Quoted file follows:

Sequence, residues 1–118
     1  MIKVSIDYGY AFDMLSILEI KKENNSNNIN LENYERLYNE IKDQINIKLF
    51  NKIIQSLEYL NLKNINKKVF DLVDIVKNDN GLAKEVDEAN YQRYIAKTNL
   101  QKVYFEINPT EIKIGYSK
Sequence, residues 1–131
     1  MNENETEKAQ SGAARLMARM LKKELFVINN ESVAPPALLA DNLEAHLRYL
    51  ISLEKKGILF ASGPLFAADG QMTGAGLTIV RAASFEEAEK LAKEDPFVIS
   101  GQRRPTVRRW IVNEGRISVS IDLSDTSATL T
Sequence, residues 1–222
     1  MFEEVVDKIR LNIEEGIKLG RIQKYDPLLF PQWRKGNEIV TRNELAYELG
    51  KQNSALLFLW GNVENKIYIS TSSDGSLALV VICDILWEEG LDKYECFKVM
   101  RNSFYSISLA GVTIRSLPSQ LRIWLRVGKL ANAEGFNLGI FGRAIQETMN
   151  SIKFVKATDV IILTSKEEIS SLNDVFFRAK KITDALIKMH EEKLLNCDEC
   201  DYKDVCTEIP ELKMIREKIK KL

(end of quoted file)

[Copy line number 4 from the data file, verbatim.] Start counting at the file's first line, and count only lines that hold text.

   101  QKVYFEINPT EIKIGYSK